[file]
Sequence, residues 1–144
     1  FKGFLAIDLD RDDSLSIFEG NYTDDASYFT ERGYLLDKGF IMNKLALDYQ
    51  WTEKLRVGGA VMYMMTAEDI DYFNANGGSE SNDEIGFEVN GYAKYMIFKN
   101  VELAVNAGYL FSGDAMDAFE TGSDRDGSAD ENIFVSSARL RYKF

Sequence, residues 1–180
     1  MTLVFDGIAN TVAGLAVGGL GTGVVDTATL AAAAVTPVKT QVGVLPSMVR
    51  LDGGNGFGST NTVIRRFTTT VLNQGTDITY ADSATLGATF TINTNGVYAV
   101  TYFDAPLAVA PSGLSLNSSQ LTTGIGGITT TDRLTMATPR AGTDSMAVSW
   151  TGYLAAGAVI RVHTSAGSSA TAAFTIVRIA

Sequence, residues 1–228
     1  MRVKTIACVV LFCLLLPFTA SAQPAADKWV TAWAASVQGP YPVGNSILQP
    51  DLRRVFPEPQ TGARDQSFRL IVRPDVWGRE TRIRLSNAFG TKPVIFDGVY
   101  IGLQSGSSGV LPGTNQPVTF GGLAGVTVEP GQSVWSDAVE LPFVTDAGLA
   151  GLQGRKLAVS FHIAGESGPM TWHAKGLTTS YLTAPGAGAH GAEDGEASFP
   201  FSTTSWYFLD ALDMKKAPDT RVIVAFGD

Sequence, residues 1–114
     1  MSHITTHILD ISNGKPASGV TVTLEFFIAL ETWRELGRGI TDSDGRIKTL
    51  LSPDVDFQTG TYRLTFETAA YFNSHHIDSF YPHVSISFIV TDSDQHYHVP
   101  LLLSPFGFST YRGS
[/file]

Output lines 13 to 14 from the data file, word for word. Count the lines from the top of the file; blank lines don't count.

   101  IGLQSGSSGV LPGTNQPVTF GGLAGVTVEP GQSVWSDAVE LPFVTDAGLA
   151  GLQGRKLAVS FHIAGESGPM TWHAKGLTTS YLTAPGAGAH GAEDGEASFP